According to Chris Steele, COVID-19 and the resulting death, loss of employment, crooked landlords, supply-chain interruptions and other bleak, near-future inconveniences can make the world feel like a dystopia.
And maybe he’s right. But what is a dystopia, anyway?
For Steele — who performs as Time with producer AwareNess in the Denver hip-hop duo Calm. — it’s a matter of perspective. He lost his job last year because of the pandemic and had to take a minimum-wage call-center gig, and he’s having issues with a recently deceased landlord’s progeny trying to sell the property while he’s still living in it. It's a bad year, make that year and a half, but who's counting? It could be — and throughout history, often has been — much worse.
Steele and Buffalo, New York-based MC Che' Noir take a deep dive into the topic on “Whose Dystopia?,” which offers a dreamy beat that belies the heaviness of the subject matter.
“My verse starts out with ‘The cracker didn't have the TP in the back of the Acura,’” Steele says. “So it was about a white guy who was like, ‘Oh, my world is now gone because toilet paper.’”
Not having toilet paper sucks, no doubt, and the empty shelves gave many a shopper pause in 2020, but it pales in comparison to some of the truly awful stuff that runs throughout the history of Europeans in North America. Steele notes that America was founded on the concept of spreading pandemic, and offers the following example: Jeffery Amherst, a British commander in the French and Indian War, for whom several places, including Amherst, Massachusetts, are named. Amherst advocated gifting smallpox-infected blankets to Indigenous people in an effort to wipe them out.
“There have already been tons of apocalypses in other cultures,” Steele says. “The white dominant culture, the colonizing culture, is now experiencing something destabilizing.”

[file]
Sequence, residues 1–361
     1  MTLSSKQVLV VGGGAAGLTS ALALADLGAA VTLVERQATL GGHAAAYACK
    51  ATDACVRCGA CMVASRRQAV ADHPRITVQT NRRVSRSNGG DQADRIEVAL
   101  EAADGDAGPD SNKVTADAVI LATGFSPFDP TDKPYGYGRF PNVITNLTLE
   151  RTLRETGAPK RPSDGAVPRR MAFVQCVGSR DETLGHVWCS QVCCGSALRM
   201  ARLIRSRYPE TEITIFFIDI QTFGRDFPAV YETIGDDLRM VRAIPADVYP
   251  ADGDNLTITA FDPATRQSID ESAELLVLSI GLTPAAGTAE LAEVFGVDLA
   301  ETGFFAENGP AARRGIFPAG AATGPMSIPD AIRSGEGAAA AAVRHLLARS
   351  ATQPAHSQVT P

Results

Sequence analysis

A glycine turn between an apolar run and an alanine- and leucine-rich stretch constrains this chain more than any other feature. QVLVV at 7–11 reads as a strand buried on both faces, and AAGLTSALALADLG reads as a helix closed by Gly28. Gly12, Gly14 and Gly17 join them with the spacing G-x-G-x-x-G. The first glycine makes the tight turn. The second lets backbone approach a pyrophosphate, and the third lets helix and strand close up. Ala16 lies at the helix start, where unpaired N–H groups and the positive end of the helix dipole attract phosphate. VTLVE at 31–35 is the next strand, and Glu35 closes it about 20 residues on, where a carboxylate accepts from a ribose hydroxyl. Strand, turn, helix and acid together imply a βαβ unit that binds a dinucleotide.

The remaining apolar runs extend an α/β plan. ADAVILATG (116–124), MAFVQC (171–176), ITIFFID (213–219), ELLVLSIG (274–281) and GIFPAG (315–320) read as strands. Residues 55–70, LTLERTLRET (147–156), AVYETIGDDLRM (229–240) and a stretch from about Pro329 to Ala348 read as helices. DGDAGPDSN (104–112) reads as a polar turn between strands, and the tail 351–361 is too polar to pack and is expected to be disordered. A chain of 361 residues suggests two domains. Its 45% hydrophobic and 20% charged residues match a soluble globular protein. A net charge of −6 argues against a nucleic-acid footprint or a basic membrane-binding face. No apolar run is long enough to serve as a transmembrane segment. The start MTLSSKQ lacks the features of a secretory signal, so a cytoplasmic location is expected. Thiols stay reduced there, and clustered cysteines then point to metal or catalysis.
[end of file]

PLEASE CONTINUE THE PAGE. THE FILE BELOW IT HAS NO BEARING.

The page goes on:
In his verse, Steele name-checks one of Columbus’s ships; the Treaty of Tordesillas, which divided the New World between Spain and Portugal; and the Mayflower, which brought the Puritans and all their madness to America — all harbingers of doom for the Indigenous people who watched them pull up on shore. He name-drops Thomas More, who advocated for slavery, of all things, in his book Utopia, which was ostensibly about a perfect society.
Dystopia is relevant to who you are and where you are and when you are. As Steele points out in the kicker of his verse: “What you call history could be someone else's dystopia.”
Che' Noir opens the song with a verse that concerns the plight of two unnamed Black Americans who have to work twice as hard as a white person to make the same amount while dealing with racism and/or sexism on a daily basis. One character is shot by police as he reaches for his license during a traffic stop following a twelve-hour shift. It’s a bleak vision of the world laid out in sixteen bars.
“It’s more of a zoomed-in version of the dystopia that people don’t see,” Steele says. “If you look at the pandemic and you’re like, ‘This sucks. I lost my job. I don’t have this’ — if you look, unemployment rates are more than double for Black people and people of color. I think that’s what she’s bringing out in her verse.”
Both verses are dense and invite repeat listens, and the track samples science-fiction writer Ursula K. Le Guin — who often wrote about utopias, alternative political structures, gender and sexuality — railing against the evils of the rich.
“Whose Dystopia?” follows Nighthawks at McCoy's, Steele’s collaborative album with folk singer Maudlin Magpie and the Germany-based producer A Thousand Vows that views a north Denver diner as a portal to dimensions where ruthless capitalism, alienation, depression and mortality can be seen more clearly. It’s also a tribute to singer Tom Waits.
In 2020, Steele released These Songs Kill Fascists, a Woody Guthrie-inspired collection of hip-hop songs.
The new single is the first off of Calm.’s Conversations With a Willow Tree, due out later this year, which promises verses about landlords, our over-advertised world and at least two tracks that delve into the concept of dystopia. The album was originally going to be called To Live and Die in Dystopia, but Steele says that he and his collaborators began to question their own premise, because who are they to say they live in one?
“Even before the pandemic, Denver [was] on stolen land,” Steele adds. “It took an extreme amount of violence on the Cheyenne and Arapaho — the Sand Creek Massacre — to steal this land. It took an apocalypse to make Denver, to have a Safeway store.”
“Whose Dystopia?” drops on Monday, November 8, on Apple Music, Spotify and Bandcamp. Calm. performs with Armand Hammer and Trayce Chapman at the hi-dive, 7 South Broadway, on Wednesday, November 10. Tickets, $20-$22, are available at eventbrite.com.